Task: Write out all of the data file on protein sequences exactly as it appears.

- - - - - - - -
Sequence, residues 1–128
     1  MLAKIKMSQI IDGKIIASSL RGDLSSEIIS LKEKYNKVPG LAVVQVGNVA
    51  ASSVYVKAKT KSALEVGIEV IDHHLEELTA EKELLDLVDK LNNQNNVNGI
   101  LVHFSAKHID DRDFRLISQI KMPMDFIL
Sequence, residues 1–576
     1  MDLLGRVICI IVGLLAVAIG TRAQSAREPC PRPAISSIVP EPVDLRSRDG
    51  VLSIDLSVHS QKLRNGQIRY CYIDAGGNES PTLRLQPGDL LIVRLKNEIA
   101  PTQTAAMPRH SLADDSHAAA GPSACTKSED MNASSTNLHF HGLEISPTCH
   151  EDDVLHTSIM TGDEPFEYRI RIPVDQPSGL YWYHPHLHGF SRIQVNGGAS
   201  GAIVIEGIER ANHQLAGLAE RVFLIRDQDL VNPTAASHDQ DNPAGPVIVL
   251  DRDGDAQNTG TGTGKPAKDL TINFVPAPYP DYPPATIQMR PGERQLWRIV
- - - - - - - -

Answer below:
Sequence, residues 1–128
     1  MLAKIKMSQI IDGKIIASSL RGDLSSEIIS LKEKYNKVPG LAVVQVGNVA
    51  ASSVYVKAKT KSALEVGIEV IDHHLEELTA EKELLDLVDK LNNQNNVNGI
   101  LVHFSAKHID DRDFRLISQI KMPMDFIL
Sequence, residues 1–576
     1  MDLLGRVICI IVGLLAVAIG TRAQSAREPC PRPAISSIVP EPVDLRSRDG
    51  VLSIDLSVHS QKLRNGQIRY CYIDAGGNES PTLRLQPGDL LIVRLKNEIA
   101  PTQTAAMPRH SLADDSHAAA GPSACTKSED MNASSTNLHF HGLEISPTCH
   151  EDDVLHTSIM TGDEPFEYRI RIPVDQPSGL YWYHPHLHGF SRIQVNGGAS
   201  GAIVIEGIER ANHQLAGLAE RVFLIRDQDL VNPTAASHDQ DNPAGPVIVL
   251  DRDGDAQNTG TGTGKPAKDL TINFVPAPYP DYPPATIQMR PGERQLWRIV